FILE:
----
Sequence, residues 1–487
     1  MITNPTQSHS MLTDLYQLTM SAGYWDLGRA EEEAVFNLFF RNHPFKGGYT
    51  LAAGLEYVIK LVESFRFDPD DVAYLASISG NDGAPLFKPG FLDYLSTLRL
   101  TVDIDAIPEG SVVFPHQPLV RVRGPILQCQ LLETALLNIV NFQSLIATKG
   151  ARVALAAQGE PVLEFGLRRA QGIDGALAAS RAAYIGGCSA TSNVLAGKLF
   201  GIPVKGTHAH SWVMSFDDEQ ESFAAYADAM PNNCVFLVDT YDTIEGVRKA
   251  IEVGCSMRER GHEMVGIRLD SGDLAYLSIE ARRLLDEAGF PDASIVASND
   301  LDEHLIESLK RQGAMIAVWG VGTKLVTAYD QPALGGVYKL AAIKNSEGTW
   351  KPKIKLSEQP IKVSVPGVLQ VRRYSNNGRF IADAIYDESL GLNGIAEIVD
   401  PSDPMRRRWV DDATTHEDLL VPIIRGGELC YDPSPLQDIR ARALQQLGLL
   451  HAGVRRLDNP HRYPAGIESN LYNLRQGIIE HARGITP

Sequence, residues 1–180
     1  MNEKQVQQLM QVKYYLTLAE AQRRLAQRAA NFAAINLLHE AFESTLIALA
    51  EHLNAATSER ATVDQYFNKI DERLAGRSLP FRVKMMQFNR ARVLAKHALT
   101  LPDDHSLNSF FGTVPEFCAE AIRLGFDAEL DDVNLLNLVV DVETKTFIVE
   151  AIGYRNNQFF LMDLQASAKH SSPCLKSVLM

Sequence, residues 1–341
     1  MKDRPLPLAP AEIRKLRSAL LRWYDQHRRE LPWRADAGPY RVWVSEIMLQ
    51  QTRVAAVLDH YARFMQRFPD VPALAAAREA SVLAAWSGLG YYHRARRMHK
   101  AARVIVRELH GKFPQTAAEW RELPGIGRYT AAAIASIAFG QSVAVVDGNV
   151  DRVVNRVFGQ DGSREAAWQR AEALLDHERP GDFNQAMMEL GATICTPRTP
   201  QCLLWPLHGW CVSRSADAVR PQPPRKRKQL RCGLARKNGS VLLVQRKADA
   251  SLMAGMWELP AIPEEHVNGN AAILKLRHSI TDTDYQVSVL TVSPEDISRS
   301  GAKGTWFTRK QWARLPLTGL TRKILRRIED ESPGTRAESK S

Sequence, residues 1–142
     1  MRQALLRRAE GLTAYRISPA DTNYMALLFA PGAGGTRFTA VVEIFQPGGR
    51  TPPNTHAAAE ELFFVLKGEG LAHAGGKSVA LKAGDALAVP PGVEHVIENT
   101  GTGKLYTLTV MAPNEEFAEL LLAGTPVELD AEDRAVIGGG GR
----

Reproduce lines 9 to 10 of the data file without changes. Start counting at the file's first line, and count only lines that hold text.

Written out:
   351  KPKIKLSEQP IKVSVPGVLQ VRRYSNNGRF IADAIYDESL GLNGIAEIVD
   401  PSDPMRRRWV DDATTHEDLL VPIIRGGELC YDPSPLQDIR ARALQQLGLL